Autism Awareness Month: A Mother’s Reflection

Fiona Mylchreest reflects on what she’d really love for Mother’s Day next year during World Autism Awareness Month.

Mothering Sunday is one of those weird things that I don’t really approve of but it’s still rather nice. It’s horribly commercial, but I love the cards my children make at school and the soggy bunches of daffodils they fight for in church.

Finn’s Mother’s Day card

The timing of Easter this year meant that World Autism Awareness Week followed straight on from Mothering Sunday. This was in my mind as I looked at my wonderful card: a flower made of petals coloured in crayon, roughly cut out and stuck round a scribbled yellow circle, with a green pipe-cleaner for a stem. My gorgeous 17-year-old made it for me, and he was so proud. He is very autistic and so much more. He is gentle and funny with the deepest big laugh and capable of the purest joy at the simplest things. Sadly he needs incredible routine and security as he is also capable of terrifying meltdowns, and epileptic fits, brought on by stress. His first big fit was when the school bus took him to the wrong address. His second was when his ancient Teletubbies video wouldn’t work.


We try and try to manage and plan every situation. We have lists and back-up plans and people to call in emergencies. But sometimes things just go wrong, sometimes because I haven’t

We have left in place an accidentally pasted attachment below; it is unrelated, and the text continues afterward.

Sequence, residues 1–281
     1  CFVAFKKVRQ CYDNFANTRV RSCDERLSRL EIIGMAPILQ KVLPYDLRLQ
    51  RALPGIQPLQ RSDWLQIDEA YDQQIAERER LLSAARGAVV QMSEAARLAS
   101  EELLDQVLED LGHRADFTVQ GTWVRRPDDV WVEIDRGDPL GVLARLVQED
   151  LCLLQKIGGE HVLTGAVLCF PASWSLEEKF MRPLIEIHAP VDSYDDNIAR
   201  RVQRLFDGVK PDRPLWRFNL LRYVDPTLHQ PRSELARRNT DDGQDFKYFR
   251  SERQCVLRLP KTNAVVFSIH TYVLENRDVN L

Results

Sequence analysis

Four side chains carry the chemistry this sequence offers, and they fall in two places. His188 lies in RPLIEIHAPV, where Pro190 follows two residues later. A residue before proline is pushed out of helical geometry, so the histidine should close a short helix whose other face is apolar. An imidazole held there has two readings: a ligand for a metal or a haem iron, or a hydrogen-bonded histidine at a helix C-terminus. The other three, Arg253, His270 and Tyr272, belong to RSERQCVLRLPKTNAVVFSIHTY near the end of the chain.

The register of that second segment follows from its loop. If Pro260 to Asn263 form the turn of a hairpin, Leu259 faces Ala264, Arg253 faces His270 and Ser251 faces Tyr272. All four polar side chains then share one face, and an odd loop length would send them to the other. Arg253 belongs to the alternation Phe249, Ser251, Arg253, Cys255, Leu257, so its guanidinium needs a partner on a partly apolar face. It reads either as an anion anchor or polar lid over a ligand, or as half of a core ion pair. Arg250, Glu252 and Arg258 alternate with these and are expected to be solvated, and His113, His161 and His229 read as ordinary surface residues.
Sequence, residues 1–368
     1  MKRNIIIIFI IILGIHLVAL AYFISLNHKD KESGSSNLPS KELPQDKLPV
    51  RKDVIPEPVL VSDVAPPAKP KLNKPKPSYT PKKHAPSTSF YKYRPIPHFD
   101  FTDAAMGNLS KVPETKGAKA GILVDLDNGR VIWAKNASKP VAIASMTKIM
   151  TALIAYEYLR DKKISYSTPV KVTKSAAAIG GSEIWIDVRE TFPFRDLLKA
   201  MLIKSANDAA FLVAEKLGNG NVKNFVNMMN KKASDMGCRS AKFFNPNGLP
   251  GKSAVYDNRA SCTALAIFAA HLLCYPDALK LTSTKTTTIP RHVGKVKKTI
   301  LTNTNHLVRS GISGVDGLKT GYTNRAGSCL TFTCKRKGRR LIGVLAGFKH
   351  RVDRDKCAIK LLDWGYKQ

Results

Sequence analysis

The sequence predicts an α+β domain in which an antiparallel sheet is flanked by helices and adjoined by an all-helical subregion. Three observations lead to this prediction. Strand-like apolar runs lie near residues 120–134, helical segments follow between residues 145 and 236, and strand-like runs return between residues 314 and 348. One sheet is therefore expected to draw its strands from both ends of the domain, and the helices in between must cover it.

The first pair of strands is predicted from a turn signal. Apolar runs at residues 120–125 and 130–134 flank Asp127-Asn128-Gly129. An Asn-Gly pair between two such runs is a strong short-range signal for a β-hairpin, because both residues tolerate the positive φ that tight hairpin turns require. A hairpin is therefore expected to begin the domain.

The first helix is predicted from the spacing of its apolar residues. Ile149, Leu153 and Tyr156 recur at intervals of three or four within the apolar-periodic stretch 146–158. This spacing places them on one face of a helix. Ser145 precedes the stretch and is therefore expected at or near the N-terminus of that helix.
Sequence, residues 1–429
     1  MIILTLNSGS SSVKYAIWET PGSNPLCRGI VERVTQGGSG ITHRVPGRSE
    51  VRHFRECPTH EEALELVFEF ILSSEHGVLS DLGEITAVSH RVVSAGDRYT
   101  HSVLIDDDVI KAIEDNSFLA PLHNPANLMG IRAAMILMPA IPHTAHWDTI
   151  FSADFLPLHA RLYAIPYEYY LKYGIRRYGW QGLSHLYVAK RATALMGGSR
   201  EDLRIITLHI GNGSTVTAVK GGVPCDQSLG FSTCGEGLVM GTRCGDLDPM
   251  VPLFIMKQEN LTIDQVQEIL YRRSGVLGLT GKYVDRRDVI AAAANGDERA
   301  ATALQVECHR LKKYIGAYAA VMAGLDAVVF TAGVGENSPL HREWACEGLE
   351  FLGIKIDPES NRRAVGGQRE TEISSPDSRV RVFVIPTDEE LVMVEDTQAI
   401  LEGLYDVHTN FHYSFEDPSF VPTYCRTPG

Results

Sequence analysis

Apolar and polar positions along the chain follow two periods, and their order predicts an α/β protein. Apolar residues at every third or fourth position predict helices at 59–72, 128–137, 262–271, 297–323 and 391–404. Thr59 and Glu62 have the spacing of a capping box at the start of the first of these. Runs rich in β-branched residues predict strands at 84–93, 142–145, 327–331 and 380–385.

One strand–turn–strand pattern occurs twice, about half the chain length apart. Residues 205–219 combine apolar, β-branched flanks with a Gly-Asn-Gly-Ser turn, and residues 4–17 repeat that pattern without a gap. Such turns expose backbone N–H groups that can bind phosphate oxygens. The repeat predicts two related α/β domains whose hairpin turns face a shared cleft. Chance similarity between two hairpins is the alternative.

Fiona’s son, Finn

understood what he needs, sometimes because volcanic ash clouds close airports. We can’t manage everything.

This year the campaign is Autism – Too Much Information (TMI) – which is so appropriate. Children and adults with autism hear things more loudly than we do, they see more details, more colours, than we do, they smell things more strongly, a million mixed scents. Their whole lives are information overload with a tired, stressed brain trying to process all that information, unable to prioritise it. There’s a good film about it on the NAS website.


Nobody knows what causes autism. There are lots of theories, some heavily publicised with very little evidence. We know there is a link with prematurity, so since my beautiful big boy was born at 27 weeks, it stands to reason that could be a factor. We know a little more about what causes epilepsy. Roughly speaking, your chances of having epilepsy increase by one quarter if you are born prematurely, and by another quarter if you have autism. So if you were born prematurely with autism, your chances of having epilepsy are, to abuse the statistics, 50:50. How terrifying is that?

Finn’s card with Makaton symbols, a language which uses signs to communicate


So for autism and epilepsy and all the accompanying problems, from food fads to allergies, from communication issues to sensory overloads, the only common factor is prematurity. And what causes prematurity? We don’t know. Prematurity is the biggest cause of infant death and lifelong disability worldwide and we don’t know what causes it.

That’s why Borne has a role, a crucial role, in finding the causes of preterm birth and how to prevent it. Before we get to epilepsy research and special pillows so children don’t suffocate if they fit in their sleep, before we get to medication and blood tests, before anything, we need to know why babies are born too soon. Why mothering starts too soon.

That would be the best Mothers’ Day present ever, if mothering started at 40 weeks.

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